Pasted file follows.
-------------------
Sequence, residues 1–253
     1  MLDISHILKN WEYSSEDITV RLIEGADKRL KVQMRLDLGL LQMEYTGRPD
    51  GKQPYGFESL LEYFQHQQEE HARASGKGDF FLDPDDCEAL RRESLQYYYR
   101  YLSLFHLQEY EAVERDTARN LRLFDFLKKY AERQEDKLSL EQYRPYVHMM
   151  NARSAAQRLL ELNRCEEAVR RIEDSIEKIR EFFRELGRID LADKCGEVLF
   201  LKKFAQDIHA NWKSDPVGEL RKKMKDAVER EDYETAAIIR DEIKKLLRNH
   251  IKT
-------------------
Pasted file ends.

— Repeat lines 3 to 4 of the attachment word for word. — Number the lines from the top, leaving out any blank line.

    51  GKQPYGFESL LEYFQHQQEE HARASGKGDF FLDPDDCEAL RRESLQYYYR
   101  YLSLFHLQEY EAVERDTARN LRLFDFLKKY AERQEDKLSL EQYRPYVHMM